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How Can I Address Unrealistic Expectations During a Job Interview without Fear?

Job postings are almost always inflated and exaggerated based on a company's dream qualifications for that role.

Sometimes, hiring managers and recruiters set application and job interview expectations that are just a little too hopeful – or much too hopeful!

One Twitter user, for instance, shared the following job posting example

“I saw a job post the other day,” he wrote. “It required 4+ years of experience in FastAPI. I couldn’t apply as I only have 1.5+ years of experience since I created that thing. Maybe it’s time to re-evaluate that ‘years of experience – skill level’.” 

Here’s another inflated expectation example. 

A candidate was interviewing for a Digital Marketing Manager position at a crypto company. At the end of the interview, they asked if the hiring team had any concerns about their qualifications. 

The interviewers replied that the candidate’s previous acquisitions had not met their desired level; they wanted to see numbers in the billions. 

The candidate was so surprised that they almost laughed. 

“What I heard: they want a Digital Marketing Manager with the resume of a CGO and have previously grown user acquisition to at least 14% of earth’s population at another company, while [probably] only paying the market rate salary of a Digital Marketing Manager,” they wrote. 

Other job applicants mention needing graduate degrees for low-paying jobs, decades of experience for entry- to mid-level positions, and more years of experience than a product or service has even existed.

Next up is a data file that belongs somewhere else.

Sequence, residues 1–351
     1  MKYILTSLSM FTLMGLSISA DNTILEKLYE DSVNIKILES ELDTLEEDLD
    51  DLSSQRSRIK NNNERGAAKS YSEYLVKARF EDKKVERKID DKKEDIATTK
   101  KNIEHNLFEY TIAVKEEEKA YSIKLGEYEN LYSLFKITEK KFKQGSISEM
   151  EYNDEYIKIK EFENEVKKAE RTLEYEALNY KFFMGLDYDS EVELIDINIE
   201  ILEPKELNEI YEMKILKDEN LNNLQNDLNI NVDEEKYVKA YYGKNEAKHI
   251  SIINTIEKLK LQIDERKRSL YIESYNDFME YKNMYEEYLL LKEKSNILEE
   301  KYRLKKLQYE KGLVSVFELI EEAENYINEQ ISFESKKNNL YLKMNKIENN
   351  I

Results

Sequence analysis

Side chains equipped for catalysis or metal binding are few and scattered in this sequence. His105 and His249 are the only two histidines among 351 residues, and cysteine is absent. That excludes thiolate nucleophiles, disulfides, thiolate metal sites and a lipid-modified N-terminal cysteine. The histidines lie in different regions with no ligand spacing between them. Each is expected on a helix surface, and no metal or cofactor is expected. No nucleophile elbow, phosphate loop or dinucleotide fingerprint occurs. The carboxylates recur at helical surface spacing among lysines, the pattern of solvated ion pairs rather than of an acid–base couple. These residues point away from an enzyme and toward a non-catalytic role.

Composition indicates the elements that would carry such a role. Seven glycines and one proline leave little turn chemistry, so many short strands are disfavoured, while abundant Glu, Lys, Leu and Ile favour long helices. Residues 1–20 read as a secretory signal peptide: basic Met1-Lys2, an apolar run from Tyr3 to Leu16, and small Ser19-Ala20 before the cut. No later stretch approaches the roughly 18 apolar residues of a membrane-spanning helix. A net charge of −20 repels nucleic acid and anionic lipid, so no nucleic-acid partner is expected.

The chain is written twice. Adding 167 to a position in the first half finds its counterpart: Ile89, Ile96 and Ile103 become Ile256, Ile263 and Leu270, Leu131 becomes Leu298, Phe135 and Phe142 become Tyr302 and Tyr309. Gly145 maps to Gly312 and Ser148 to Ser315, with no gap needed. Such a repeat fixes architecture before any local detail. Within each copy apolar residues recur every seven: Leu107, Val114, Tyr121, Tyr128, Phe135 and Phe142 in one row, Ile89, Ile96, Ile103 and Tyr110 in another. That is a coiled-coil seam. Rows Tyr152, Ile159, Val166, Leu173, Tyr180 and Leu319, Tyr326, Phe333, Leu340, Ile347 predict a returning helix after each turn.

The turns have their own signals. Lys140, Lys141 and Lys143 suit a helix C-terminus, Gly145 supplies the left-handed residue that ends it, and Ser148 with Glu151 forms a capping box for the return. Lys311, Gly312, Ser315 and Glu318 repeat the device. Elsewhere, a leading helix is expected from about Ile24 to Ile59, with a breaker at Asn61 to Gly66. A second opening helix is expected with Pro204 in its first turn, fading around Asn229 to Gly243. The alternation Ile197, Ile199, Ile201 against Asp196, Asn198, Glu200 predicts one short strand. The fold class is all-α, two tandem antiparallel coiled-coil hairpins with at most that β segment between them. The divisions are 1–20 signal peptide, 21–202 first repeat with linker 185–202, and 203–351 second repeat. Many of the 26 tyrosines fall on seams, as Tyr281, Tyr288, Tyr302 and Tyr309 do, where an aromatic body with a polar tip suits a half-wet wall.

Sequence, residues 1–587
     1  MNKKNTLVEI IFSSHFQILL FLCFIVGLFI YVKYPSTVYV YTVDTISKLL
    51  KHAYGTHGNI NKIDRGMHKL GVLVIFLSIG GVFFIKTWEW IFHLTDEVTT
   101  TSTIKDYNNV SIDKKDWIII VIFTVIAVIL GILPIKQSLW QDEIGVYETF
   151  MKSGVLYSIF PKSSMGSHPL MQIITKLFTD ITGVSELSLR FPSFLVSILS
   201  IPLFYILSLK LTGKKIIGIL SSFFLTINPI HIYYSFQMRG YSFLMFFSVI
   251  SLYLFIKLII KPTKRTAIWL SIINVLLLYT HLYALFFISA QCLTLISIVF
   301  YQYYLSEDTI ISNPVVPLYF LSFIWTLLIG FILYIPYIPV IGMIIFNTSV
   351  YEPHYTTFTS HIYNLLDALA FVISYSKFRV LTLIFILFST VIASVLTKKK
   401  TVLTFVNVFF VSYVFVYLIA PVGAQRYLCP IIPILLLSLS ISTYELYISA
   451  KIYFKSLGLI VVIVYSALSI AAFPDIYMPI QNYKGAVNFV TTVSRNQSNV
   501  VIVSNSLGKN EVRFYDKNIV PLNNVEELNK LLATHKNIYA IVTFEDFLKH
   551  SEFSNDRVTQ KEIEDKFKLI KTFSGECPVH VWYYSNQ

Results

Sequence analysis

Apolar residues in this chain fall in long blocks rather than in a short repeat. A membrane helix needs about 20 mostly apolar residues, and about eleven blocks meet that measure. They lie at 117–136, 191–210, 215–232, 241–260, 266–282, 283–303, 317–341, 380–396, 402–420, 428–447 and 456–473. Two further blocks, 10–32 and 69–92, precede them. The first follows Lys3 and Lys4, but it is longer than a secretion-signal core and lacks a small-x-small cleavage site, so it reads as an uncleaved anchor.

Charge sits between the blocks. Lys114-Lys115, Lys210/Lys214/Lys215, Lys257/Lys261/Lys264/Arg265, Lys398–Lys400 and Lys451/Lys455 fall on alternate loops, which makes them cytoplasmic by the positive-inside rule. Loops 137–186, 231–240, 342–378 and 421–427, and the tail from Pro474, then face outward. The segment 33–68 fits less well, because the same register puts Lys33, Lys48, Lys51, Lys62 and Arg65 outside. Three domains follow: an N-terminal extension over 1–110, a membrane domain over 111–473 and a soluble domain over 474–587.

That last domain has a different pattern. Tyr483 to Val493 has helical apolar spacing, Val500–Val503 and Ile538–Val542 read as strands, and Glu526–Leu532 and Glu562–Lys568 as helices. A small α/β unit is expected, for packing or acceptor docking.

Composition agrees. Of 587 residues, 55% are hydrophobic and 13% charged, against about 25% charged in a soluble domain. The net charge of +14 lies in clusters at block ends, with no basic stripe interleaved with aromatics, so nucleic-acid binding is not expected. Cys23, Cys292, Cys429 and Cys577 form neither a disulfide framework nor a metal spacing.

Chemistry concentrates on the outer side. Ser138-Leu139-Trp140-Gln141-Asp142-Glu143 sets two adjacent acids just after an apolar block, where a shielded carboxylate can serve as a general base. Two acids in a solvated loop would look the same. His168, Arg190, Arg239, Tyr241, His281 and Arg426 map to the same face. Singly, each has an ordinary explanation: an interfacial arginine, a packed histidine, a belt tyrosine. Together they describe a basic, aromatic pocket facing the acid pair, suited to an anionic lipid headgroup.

With postings like these, it’s no surprise that some recruiters and hiring managers will expect that executive candidates will be, well, superheroes

How, then, can you address unrealistic expectations in the interview? 

Here’s our best advice.

Understand where unrealistic job interview expectations come from.

Of course, you’re not always going to meet every one of a position’s ideal qualifications. You’re not even supposed to – many qualifications on job postings are “nice to haves,” not “must-haves.” 

Take heart if you don’t tick every job application box. According to a survey that analyzed around 6,000 job applications, candidates who had around half of the qualifications were as likely to receive interviews as those who had 90 percent. 

“Still, employers do realize that job requirements are inflated, and hiring is subjective. In a tight labor market, employers are more flexible on transferable soft skills, experience level, and educational attainment, such as a college degree,” says Ruth Umoh for CNBC

With that in mind, it’s helpful to remember that recruiters and hiring managers don’t expect to find someone who meets all of what they’re looking for. 

Practice answering questions about the skills and experience you don’t have.